In a once-through reboiler, the liquid flow coming out of the reboiler is limited to the bottoms product. In a circulating reboiler, the liquid flow coming out of the reboiler can be extremely high. If the reboiler return nozzle is located too close to the bottom tray of the tower, the greater volume of liquid leaving the nozzle can splash against the bottom tray. This alone can cause the entire column to flood. The best way to stop this flooding is to lower the tower bottom level.
Sometimes higher rates of thermosyphon circulation are good. They help prevent fouling and plugging of the reboiler due to low velocity and dirt in the bottoms product and especially high vaporization rates. If the percentage of vaporization in a once-through reboiler is above 60 percent and dirt in the bottoms product is expected, then a circulating reboiler would be the better choice.
We said before that it was wrong to return the effluent from a oncethrough reboiler with a vertical baffle to the cold side of the tower’s bottom. Doing so would actually make the once-through thermosyphon reboiler work more like a circulating reboiler. But if this is bad, then the once-through reboiler must be better than the circulating reboiler. But why?
• The once-through reboiler functions as the bottom theoretical separation stage of the tower. The circulating reboiler does not, because a portion of its effluent back mixes to its feed inlet. This back mixing ruins the separation that can otherwise be achieved in reboilers.
• Regardless of the type of reboiler used, the tower-bottom product temperature has to be the same, so as to make product specifications. This is shown in Fig. 7.5. However, the reboiler outlet temperature must always be higher in the circulating reboiler than in the once-through reboiler. This means that it is more difficult to transfer heat in the former than in the latter.
• Because the liquid from the bottom tray of a tower with a circulating thermosyphon reboiler is of a composition similar to that of the bottoms product, we can say that the circulating thermosyphon reboiler does not act as a theoretical separation stage. However, the liquid from the bottom tray of a tower with a once-through thermosyphon reboiler can be quite a bit lighter in composition (and hence cooler) than the bottoms product composition, and thus we say that the once-through thermosyphon reboiler does act as a theoretical separation stage. The cooler the liquid flow from the bottom tray of a tower, the less the vapor flow through that tray. This is because the hot vapor flowing up through a tray heats up the downflowing liquid. This means that there is a greater vapor flow through the bottom tray of a tower with a circulating thermosyphon reboiler than there would be through the bottom tray of a tower with a once-through thermosyphon reboiler. Everything else being equal, then, the tower served by the circulating reboiler is going to flood before the tower served by the once-through reboiler.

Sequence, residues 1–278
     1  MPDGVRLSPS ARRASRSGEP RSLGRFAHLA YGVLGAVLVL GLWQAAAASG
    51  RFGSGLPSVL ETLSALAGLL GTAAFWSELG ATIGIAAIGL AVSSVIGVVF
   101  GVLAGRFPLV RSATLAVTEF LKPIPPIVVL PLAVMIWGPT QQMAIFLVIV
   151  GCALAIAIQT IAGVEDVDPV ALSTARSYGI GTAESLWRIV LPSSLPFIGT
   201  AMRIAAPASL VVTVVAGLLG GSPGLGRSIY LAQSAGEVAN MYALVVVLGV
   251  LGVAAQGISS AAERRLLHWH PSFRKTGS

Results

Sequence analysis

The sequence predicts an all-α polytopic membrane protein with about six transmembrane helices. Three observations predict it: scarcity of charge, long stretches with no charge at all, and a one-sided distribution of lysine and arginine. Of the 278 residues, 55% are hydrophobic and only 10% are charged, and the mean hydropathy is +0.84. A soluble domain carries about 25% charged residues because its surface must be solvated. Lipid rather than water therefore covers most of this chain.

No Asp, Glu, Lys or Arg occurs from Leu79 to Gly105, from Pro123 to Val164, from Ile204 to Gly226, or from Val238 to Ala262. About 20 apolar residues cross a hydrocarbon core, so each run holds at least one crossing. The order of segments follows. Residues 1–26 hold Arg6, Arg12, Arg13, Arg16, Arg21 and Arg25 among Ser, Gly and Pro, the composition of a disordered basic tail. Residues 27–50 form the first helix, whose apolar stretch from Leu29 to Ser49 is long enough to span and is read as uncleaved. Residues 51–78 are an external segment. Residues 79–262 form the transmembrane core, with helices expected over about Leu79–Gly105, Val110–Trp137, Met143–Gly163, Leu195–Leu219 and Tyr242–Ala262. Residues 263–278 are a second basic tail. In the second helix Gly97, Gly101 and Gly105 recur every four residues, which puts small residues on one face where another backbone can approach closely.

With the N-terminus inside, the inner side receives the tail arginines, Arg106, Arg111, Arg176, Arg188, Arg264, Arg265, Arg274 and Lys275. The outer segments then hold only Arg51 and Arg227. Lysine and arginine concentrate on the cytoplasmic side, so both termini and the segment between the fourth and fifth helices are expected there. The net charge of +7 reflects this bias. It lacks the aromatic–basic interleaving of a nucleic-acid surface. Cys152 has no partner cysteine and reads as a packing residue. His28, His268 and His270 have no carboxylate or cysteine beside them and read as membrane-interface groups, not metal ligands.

The important differences between a once-through thermosyphon reboiler and a circulating thermosyphon reboiler is critical. Figure 7.4 shows a circulating reboiler. In this reboiler
• The reboiler outlet temperature is always higher than the tower-bottom temperature.
• Some of the liquid from the reboiler outlet will always recirculate back into the reboiler feed.
• Some of the liquid from the bottom tray drops into the bottoms product.
• The tower-bottom product temperature and composition are the same as the temperature and composition of the feed to the reboiler.
The liquid feed rate to the once-through thermosyphon reboiler is limited to the amount of liquid overflowing the bottom tray. The liquid feed rate to the circulating thermosyphon reboiler can be quite high—limited only by the available liquid head thermosyphon driving force. However, we should note that the liquid head thermosyphon driving force for a circulating thermosyphon reboiler is proportional to the height of the liquid level in the bottom of the tower above the reboiler inlet nozzle, whereas with a once-through thermosyphon reboiler, as described previously, the corresponding height is the elevation of the floor of the draw-off pan sump above the reboiler inlet nozzle.
For a circulating thermosyphon reboiler, the rate of circulation can be increased by
• Increasing the steam or hot-oil flow through the reboiler. This reduces the specific gravity or density of the froth or foam in the reboiler effluent line.
• Increasing the tower bottoms liquid level. However, should this level reach the reboiler return nozzle, thermosyphon flow will be restricted or even stop. Then the reboiler heat duty will be reduced, and the tower pressure will drop. Sometimes this may cause the tower to flood.
There are several common causes of loss of circulation. The common symptoms of this problem are
• Inability to achieve normal reboiler duty.
• Low reflux drum level, accompanied by low tower pressure, even at a low reflux rate.
• Bottoms product too light.
• Reboiler outlet temperature hotter than the tower-bottom temperature.
• Opening the steam or hot-oil inlet heat supply valve does not seem to get more heat into the tower.
The typical causes of this problem are
• Bottom tray in tower leaking due to a low dry tray pressure drop
• Bottom tray, seal pan, or draw-off pan damaged
• Reboiler partially plugged
• Reboiler feed line restricted
• Reboiler design pressure drop excessive
• Tower-bottom liquid level covering the reboiler vapor return
If the loss of circulation is due to damage or leakage inside the tower, one can restore flow by opening the start-up line (valve A shown in Fig. 7.2), and raising the liquid level. But if the reboiler is fouled, this will not help.